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Wednesday, February 2, 2011

Wilders on Trial for Political Debate in Europe

Geert Wilders, head of the Party for Freedom (PVV) in the Netherlands, went on trial on October 4, 2010, in the Netherlands on charges of inciting hatred, less than a week after entering parliament as a linchpin in the coalition government. The far right political leader faced five charges of inciting hatred and discrimination against Muslims and people of non-Western immigrant origin, particularly Moroccans. “He divides, he creates hate, he creates conflicts between people,” said Mohammed Rabbae of the National Council for Moroccans. Wilders told the court he was being persecuted for “stating my opinion in the context of public debate,” adding: “I can assure you, I will continue proclaiming it.” In an opinion piece in a Dutch daily, he compared Islam to fascism and the Koran to Adolf Hitler’s book “Mein Kampf.” Wilders also made the film “Fitna” in 2008 which portrayed the Koran as inciting violence and mixed images of terrorist attacks with quotations from the Islamic holy book.

I am staying out of the debate on Islam. Hence, I am not expressing an opinion on whether I agree or disagree with Wilders’ statements on Islam. I raise the matter of this case for its implications for free speech as it is practiced in political debate. The extreme-antisemitism of the Nazis resulted in some rather severe curbs on free speech in the state of Germany that would shock people in any of the American states.  While the EU is relatively restrictive on free speech, however, even in the US a person can not shout “fire!” in a crowded theater unless there really is a fire. The Wilders case is not being prosecuted as a “fire” case.  Rather, it is being portrayed as akin to hate crimes in the US, only in this case it involves speech in a political debate.  The Europeans may be conflating a hate crime with an opinion in political debate.  Had Wilders urged people to kiss Muslims, his case would be much closer to a hate crime.  If a position in a political debate is itself to be treated as a hate crime, then politics itself is being criminalized.  This would be like saying that republican leaders who are against gay marriage and say it is sinful and akin to having sex with animals are somehow guilty of a hate crime. To say that something is odious does not in itself cross the line into urging people to kill those who believe in it or practice it. Were “dividing people” in a political speech or an opinion piece a crime, the republican party would find itself continually before a judge as one interest group after another feels marginalized by republican positions on particular issues. Political positions may well offend; that is the nature of politics. It doesn’t make it a crime. A clearer line between politics and crime needs to be drawn in Europe. Otherwise, prosecution will be increasingly used to cut out positions in the political discourse that some do not like. Politics is about conflict—hopefully resolving it. Part of the process may be identifying the conflict, and this may be perceived as dividing people when in fact there is already such a division. Where one side of a division is criminalized, the division itself cannot be known by society, and thus any resolution would be partial.  Ideally, a division should be clearly and fully enunciated by each side, and then others not invested in either side will be sufficiently informed to be able to suggest viable and realistic solutions to the conflict. To ignore one of the positions would be to risk a solution that is merely partial and thus ultimately unsustainable.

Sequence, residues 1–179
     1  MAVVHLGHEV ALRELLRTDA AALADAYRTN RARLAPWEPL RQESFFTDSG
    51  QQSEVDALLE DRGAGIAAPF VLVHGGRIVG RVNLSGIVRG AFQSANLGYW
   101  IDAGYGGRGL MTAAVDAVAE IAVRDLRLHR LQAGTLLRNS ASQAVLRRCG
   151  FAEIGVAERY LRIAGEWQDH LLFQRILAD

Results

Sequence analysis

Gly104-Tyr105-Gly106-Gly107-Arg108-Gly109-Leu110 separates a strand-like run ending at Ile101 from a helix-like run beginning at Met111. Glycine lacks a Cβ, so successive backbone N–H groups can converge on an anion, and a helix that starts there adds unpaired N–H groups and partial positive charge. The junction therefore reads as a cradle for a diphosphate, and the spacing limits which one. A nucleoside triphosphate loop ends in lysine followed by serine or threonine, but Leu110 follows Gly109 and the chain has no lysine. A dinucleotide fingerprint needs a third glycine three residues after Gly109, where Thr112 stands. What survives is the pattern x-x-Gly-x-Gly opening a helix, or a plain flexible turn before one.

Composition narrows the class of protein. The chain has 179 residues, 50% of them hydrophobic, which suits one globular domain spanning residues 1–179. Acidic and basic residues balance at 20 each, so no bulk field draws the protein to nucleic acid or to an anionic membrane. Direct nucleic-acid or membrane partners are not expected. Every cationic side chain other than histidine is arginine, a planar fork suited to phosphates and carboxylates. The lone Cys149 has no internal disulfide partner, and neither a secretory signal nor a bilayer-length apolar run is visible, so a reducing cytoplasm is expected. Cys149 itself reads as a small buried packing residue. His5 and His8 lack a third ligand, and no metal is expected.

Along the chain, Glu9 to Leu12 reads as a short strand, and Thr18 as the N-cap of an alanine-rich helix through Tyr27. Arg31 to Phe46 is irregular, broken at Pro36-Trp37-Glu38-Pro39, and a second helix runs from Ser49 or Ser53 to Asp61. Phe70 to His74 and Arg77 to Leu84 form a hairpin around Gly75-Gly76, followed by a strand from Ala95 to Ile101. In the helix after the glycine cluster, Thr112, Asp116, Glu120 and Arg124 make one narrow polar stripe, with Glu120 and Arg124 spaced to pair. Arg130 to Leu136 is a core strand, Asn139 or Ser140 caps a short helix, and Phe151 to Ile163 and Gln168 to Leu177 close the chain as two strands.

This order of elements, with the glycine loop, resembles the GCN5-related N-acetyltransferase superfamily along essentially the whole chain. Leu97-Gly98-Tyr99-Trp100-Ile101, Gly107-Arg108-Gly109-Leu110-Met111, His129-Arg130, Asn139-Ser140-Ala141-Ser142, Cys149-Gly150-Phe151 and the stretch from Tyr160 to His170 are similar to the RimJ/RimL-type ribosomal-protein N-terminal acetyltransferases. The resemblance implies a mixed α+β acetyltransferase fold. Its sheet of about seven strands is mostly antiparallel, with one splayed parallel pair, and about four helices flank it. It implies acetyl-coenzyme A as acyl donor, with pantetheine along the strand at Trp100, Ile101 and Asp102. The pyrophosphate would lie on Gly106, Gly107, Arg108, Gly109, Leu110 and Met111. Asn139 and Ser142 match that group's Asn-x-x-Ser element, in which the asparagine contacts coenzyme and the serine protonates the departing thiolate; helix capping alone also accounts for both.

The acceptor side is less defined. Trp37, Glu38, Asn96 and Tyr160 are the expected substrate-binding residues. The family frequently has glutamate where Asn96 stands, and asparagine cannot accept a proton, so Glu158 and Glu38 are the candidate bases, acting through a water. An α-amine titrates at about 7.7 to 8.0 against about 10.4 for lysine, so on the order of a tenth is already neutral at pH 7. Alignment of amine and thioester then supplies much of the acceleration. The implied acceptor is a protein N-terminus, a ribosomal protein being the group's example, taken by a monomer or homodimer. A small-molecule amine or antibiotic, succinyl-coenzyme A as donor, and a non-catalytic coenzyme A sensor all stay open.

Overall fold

Source:  http://www.dw-world.de/dw/article/0,,6072375,00.html%C2%A0